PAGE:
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Acta Cardiol. 2011 Feb;66(1):9-14.

Intra-arterial lidocaine versus saline to reduce peri-procedural discomfort in patients undergoing percutaneous trans-radial or trans-ulnar coronary procedures.

Author information

1
Division of Cardiology, University of Turin, San Giovanni Battista Molinette Hospital, Turin, Italy. gbiondizoccai@gmail.com

Abstract

OBJECTIVE:

Trans-radial and trans-ulnar access is increasingly used for percutaneous coronary procedures, but spasm or pain may limit comfort and compliance. Intra-arterial lidocaine administration could provide a local anaesthetic effect, but its risk-benefit ratio is unclear. We aimed to compare intraarterial lidocaine versus saline to reduce peri-procedural discomfort during percutaneous trans-radial or trans-ulnar procedures.

METHODS AND RESULTS:

Patients undergoing percutaneous trans-radial or trans-ulnar coronary procedures were single-blinded randomly assigned to intra-arterial treatment with 20 mg lidocaine or saline. The primary end-point of the study was local pain, measured on a 10-point scale. A total of 101 patients were enrolled (50 allocated to lidocaine and 51 to saline). Trans-radial access was employed in 48 (96%) and 47 (92%), respectively, trans-ulnar access in 2 (4%) and 4 (8%), and coronary intervention was performed in 18(36%) and 11 (22%). Severity of local pain was equivalent in both groups (2.3 +/- 2.3 vs. 3.0 +/- 2.5, P= 0.167). Similar results for both groups were found also for local spasm, local access success, procedural success, and net clinical adverse events (all P > 0.05). No sustained cardiac arrhythmia or neurologic symptom developed in any patient.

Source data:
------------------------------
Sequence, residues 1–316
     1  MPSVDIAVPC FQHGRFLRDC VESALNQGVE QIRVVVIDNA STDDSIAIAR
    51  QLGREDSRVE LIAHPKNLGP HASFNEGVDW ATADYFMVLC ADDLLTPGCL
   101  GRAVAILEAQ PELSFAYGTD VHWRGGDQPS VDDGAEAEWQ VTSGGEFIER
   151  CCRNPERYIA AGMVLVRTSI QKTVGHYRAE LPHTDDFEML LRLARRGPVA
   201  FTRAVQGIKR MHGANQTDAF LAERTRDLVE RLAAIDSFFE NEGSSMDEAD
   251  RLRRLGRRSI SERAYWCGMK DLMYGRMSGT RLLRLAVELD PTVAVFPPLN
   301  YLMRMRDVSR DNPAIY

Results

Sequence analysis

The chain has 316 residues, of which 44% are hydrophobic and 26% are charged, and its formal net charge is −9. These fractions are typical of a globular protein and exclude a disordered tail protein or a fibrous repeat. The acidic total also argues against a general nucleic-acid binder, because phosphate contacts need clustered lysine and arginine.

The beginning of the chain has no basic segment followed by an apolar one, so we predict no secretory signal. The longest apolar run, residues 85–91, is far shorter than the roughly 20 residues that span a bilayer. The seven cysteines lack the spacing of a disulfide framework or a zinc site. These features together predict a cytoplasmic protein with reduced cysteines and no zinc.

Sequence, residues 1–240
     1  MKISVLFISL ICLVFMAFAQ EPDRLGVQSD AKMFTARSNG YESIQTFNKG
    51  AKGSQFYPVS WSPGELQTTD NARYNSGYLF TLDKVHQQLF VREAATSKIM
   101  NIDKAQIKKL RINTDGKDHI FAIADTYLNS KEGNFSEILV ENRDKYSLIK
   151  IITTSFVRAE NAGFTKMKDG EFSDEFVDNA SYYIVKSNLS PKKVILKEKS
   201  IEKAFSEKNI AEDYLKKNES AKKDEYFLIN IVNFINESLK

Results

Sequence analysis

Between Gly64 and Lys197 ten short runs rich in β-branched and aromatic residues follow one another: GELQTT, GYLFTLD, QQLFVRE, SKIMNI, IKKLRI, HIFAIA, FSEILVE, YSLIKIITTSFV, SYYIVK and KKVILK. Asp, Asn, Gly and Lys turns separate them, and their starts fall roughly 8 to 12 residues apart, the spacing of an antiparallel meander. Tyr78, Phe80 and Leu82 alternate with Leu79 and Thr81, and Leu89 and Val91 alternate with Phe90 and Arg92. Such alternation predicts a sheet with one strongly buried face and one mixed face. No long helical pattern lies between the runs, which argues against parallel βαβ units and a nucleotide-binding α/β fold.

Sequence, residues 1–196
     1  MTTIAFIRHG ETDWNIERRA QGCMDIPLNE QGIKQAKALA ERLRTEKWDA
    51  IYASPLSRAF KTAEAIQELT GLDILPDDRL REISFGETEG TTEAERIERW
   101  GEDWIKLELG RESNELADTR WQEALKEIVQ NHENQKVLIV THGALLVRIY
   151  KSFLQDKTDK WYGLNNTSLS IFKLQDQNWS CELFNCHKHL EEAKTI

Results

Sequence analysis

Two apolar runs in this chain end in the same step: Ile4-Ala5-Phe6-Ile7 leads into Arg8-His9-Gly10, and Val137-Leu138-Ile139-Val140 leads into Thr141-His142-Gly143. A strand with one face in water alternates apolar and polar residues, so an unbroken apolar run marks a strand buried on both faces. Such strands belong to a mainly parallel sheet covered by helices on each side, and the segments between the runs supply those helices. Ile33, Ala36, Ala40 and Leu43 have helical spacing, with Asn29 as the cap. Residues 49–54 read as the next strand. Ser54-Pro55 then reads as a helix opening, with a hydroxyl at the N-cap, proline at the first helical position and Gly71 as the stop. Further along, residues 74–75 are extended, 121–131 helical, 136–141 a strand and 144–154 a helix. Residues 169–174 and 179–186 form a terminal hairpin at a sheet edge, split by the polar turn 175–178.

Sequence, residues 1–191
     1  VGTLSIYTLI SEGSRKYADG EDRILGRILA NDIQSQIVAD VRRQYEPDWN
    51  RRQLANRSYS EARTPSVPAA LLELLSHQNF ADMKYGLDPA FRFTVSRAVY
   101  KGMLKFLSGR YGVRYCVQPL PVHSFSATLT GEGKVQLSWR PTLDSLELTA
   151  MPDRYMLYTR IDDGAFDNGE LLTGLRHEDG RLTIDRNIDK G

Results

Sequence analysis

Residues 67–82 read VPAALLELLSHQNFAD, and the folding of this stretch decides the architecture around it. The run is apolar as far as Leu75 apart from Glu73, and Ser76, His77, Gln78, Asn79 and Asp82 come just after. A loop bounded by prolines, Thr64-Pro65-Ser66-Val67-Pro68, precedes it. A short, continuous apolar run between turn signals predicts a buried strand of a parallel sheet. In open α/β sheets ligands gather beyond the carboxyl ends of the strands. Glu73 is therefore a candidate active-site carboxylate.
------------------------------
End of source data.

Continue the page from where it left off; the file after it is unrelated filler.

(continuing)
CONCLUSIONS:

Current approaches and techniques for percutaneous trans-radial or trans-ulnar coronary procedures are associated with few local or systemic complications. Local forearm/wrist pain is relatively frequent in this setting, and is not significantly prevented by intra-arterial lidocaine.

PMID:
21446376
DOI:
10.2143/AC.66.1.2064961
[Indexed for MEDLINE]
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